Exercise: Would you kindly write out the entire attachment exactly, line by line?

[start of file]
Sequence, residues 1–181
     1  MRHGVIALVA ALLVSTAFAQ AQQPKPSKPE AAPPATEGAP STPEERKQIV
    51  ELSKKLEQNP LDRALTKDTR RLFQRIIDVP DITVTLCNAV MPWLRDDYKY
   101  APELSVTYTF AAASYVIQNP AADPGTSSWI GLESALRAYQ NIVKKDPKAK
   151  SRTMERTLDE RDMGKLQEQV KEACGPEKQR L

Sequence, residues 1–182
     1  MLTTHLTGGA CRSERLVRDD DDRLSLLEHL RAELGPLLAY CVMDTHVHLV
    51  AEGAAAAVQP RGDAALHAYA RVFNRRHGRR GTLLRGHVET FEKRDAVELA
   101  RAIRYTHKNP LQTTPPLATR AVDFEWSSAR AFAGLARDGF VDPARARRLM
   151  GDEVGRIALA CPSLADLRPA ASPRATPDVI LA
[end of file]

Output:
Sequence, residues 1–181
     1  MRHGVIALVA ALLVSTAFAQ AQQPKPSKPE AAPPATEGAP STPEERKQIV
    51  ELSKKLEQNP LDRALTKDTR RLFQRIIDVP DITVTLCNAV MPWLRDDYKY
   101  APELSVTYTF AAASYVIQNP AADPGTSSWI GLESALRAYQ NIVKKDPKAK
   151  SRTMERTLDE RDMGKLQEQV KEACGPEKQR L

Sequence, residues 1–182
     1  MLTTHLTGGA CRSERLVRDD DDRLSLLEHL RAELGPLLAY CVMDTHVHLV
    51  AEGAAAAVQP RGDAALHAYA RVFNRRHGRR GTLLRGHVET FEKRDAVELA
   101  RAIRYTHKNP LQTTPPLATR AVDFEWSSAR AFAGLARDGF VDPARARRLM
   151  GDEVGRIALA CPSLADLRPA ASPRATPDVI LA